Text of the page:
Sony ICF2001

The lovely Alexa Allure wearing a cheongsam dress and listening to the world on a 1981 vintage Sony ICF 2001 multiband receiver. Back in the day, Sony used to be one of the market leaders in shortwave radios. Its big selling feature was the continuous AM band that covered all the standard LF, MF and HF frequencies, 150kHz though to 30,000kHz. Thus it received conventional longwave, mediumwave and shortwave bands in a big single band. In addition to standard AM reception it would also handle SSB (single sideband) and CW (continuous wave) transmissions via the switch on the front. It… Read More ►

Working from home during the current crisis

Seems a lot of people are struggling working from home rather than going into the office. Some are suggesting that a daily routine helps them. Personally, I don't really have a daily routine - providing I can start the day with a strong black coffee and have my daily "number two's", then I'm sorted. :-) I'm lucky because I love my work, and I have worked mostly from home for almost three decades. I tend to work well into the night, and get my most creative ideas between about 23:00 and 02:00. I don't need any special motivation to do… Read More ►

First day of National Lockdown

So here we are, first day of national lockdown here in the UK. How are things in your part of the world? Round here (Havant, South East Hampshire) things seem eerily quiet this morning. Our street is a sleepy little cul-de-sac and pretty quiet even at busy times. But we are 300 metres from the main Brighton line, 400m from the London Waterloo line and 600m from the main A/M27 Southampton-Brighton trunk road. Standing in the garden during working hours we can normally hear the rumble of trains and the woosh of distant traffic. Seems today there's hardly anything out… Read More ►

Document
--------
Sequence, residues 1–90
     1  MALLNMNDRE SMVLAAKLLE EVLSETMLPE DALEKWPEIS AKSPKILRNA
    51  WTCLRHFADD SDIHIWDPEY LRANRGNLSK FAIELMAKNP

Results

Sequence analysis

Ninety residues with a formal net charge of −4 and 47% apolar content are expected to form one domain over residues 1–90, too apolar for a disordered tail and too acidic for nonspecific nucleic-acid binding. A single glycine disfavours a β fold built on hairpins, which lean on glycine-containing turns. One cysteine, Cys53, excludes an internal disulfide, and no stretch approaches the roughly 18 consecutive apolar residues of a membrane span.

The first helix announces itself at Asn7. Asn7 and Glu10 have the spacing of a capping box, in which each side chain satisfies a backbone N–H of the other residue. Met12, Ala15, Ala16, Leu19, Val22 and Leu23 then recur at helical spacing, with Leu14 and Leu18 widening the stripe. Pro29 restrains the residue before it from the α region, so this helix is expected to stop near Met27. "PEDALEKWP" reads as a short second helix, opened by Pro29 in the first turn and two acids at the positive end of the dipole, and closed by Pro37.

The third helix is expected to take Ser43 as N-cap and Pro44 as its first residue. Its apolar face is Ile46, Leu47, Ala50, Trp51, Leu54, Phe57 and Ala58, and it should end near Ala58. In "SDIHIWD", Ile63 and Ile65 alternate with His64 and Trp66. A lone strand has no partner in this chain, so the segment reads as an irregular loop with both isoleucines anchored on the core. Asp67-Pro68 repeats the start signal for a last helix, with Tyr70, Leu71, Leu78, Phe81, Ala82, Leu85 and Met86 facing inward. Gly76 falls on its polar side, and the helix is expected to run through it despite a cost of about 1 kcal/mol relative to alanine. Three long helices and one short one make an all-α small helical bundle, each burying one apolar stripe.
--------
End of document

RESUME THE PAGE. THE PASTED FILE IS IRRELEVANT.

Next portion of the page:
Coronavirus misinformation

Evil bastards exploit crisis in order to turn a fast buck Seems Facebook does not have a monopoly on coronavirus misinformation. Just checked a honeypot email account I keep active just to see what spam is currently doing the rounds. In addition to the usual plethora of luscious babes who are dying to have sex with me, and ads flogging pills to ensure it stays up long enough to do the business, it seems there's also plenty of disingenuous shite exploiting the coronavirus crisis too. The spelling mistakes in this particular example rather give the game away - and I… Read More ►

Shattaf – a healthy solution to the toilet roll shortage

As the coronavirus crisis deepens, seems we also have the deeply undignified spectacle of fully grown adults publicly fighting each other as they snatch and hoard toilet rolls. At the risk of seeming crude, I'd rather wipe my arse on a stinging nettle than squabble with strangers in a supermarket over who takes home the last effing bog roll. However, I'm pleased to report that both my dignity and my bottom are safe, since I dragged-out my "Happy Plumbers Tool Kit" and fitted a shattaf  to our toilets instead... Left: complete installation including toilet, cistern, isolating valve hose, mounting bracket… Read More ►